Too little sodium can be harmful to heart failure patients
For people with heart failure, restricting dietary sodium intake to levels below the standard recommended maximum of about 2.3 grams per day does not bring additional benefits and may increase the risk of death, according to findings from nine randomized controlled trials in a new meta-analysis presented at the American College of Cardiology's Annual Scientific Session Together With the World Congress of Cardiology.
Heart failure, in which the heart muscle becomes too weak or stiff to pump blood effectively, is a chronic condition affecting over 6 million adults in the U.S. Physicians recommend a low-sodium diet to reduce blood pressure and avoid common symptoms such as fluid buildup and swelling. However, previous studies have reported mixed results regarding the optimal maximum daily sodium intake for people with heart failure.
"Our findings showed that restricting dietary sodium to less than the usual recommendation was counterproductive in the management of heart failure," said Anirudh Palicherla, MD, an internal medicine resident at Creighton University School of Medicine in Omaha, Nebraska, and the study's lead author. "This was in line with a recent randomized controlled trial suggesting that restricting sodium more than what we do now doesn't necessarily lead to better outcomes."
The U.S. Dietary Guidelines for Americans recommends that most adults limit dietary sodium intake to 2.3 grams per day or less, equivalent to about one teaspoon of table salt. The average American consumes over 3.4 grams of sodium per day.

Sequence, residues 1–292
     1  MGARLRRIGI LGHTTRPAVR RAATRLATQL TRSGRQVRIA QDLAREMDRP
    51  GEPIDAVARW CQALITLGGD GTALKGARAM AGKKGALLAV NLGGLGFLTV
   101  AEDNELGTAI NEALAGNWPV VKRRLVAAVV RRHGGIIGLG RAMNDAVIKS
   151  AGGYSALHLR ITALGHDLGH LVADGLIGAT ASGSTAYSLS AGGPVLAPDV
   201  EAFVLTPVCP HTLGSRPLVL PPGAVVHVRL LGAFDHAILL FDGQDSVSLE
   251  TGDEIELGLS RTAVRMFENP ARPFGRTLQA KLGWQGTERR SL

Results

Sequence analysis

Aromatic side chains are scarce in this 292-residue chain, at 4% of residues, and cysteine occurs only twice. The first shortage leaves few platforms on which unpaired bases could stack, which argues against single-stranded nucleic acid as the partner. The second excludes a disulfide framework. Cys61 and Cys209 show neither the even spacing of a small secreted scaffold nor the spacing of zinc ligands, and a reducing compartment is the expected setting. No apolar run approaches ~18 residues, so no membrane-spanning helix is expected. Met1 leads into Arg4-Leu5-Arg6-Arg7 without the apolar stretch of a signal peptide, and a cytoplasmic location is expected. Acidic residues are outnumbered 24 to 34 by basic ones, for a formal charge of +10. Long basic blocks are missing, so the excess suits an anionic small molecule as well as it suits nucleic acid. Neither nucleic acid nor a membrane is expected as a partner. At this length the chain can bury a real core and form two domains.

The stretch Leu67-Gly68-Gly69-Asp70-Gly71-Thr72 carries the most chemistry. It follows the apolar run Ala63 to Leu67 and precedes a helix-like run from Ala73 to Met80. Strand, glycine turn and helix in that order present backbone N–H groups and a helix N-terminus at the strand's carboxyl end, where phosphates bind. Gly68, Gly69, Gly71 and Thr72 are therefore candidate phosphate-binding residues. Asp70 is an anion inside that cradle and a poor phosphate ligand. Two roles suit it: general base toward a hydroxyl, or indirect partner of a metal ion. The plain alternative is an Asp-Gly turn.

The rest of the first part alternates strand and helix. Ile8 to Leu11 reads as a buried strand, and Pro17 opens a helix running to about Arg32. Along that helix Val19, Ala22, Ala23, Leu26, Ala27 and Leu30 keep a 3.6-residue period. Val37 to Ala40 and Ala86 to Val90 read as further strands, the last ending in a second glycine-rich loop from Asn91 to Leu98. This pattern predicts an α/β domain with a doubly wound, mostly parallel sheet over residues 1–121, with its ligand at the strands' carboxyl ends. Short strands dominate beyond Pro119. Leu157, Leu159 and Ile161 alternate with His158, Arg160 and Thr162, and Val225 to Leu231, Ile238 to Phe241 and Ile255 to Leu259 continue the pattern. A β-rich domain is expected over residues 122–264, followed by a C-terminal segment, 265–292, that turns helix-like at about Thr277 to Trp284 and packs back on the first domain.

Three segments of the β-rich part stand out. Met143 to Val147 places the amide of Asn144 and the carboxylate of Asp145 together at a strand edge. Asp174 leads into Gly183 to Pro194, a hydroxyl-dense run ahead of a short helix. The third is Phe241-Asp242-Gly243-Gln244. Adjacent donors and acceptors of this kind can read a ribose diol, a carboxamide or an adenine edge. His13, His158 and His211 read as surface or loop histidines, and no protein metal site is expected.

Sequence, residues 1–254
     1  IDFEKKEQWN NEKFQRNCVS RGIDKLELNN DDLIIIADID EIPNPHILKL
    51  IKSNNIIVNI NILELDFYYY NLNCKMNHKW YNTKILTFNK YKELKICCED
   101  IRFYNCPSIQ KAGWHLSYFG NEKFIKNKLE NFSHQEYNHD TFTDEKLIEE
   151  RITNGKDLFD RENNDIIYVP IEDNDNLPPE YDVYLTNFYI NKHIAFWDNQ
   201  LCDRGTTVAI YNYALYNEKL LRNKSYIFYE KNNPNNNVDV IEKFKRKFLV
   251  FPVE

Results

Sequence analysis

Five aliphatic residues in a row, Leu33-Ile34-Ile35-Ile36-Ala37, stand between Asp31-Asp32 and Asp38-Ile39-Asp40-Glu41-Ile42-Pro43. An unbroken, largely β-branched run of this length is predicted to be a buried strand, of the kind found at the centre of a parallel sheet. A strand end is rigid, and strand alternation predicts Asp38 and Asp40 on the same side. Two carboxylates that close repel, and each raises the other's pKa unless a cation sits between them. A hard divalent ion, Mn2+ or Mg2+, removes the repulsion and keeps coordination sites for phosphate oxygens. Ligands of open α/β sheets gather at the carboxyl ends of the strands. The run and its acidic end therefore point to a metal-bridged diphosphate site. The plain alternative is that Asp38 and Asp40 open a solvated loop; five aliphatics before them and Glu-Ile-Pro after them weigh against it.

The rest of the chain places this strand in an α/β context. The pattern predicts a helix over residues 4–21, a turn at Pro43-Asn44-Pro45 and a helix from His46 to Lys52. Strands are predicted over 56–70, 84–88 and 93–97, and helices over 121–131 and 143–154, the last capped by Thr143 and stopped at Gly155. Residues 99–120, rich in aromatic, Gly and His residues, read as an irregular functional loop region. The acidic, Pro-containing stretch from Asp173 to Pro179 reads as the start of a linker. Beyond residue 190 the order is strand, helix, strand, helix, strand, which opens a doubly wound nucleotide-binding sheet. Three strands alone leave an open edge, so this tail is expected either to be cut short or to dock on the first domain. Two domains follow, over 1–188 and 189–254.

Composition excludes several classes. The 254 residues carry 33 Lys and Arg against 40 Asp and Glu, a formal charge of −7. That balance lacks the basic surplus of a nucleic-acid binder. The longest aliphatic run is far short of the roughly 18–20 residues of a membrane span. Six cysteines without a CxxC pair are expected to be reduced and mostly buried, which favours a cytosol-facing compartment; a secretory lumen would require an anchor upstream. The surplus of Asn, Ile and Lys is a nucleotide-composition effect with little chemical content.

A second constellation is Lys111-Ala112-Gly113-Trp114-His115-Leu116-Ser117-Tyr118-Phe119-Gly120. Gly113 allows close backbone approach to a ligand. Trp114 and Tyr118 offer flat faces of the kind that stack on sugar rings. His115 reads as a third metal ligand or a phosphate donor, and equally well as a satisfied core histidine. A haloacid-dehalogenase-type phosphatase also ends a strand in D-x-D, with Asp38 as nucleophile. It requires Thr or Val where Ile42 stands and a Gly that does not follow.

In the study, researchers analyzed nine randomized controlled trials that assessed different levels of sodium restriction for people with heart failure and included data on rates of death and hospitalization. Most of the studies were conducted between 2008-2022, except for one earlier study published in 1991. Together the trials enrolled nearly 3,500 heart failure patients in total.
Analyzing outcomes across all studies, researchers found that patients following a diet with a sodium intake target below 2.5 grams per day were 80% more likely to die than those following a diet with a target of 2.5 grams per day or more. The sodium limits varied from about 1.2-1.8 grams per day in the more restrictive study arms. The analysis did not show a trend toward increased hospitalizations among patients following more restrictive diets.
"Limiting sodium is still the way to go to help manage heart failure, but the amount of restriction has been up for debate," Palicherla said. "This study shows that the focus should be on establishing a safe level of sodium consumption instead of overly restricting sodium."
The researchers said that there was significant variability in the study designs used in the clinical trials, including different participant baseline characteristics, different health care settings and different methods for tracking sodium intake and health outcomes. Some studies required participants to restrict their fluid intake in addition to their sodium intake, while other studies did not. However, Palicherla said that the number of studies and total number of participants gives the researchers a high level of confidence in the overall findings.
Future studies could help clarify the optimal targets for dietary sodium or identify subgroups of heart failure patients who might benefit from more or less restriction, researchers said. To limit sodium intake, experts recommend eating more fresh fruits and vegetables and cooking with basic ingredients rather than processed, boxed and canned foods and sauces that often contain high amounts of sodium. When eating out or buying prepared foods, ask for nutrition information or read the food labels and choose items with the lowest amounts of sodium.
More information: Conference: www.expo.acc.org/ACC23/Public/Enter.aspx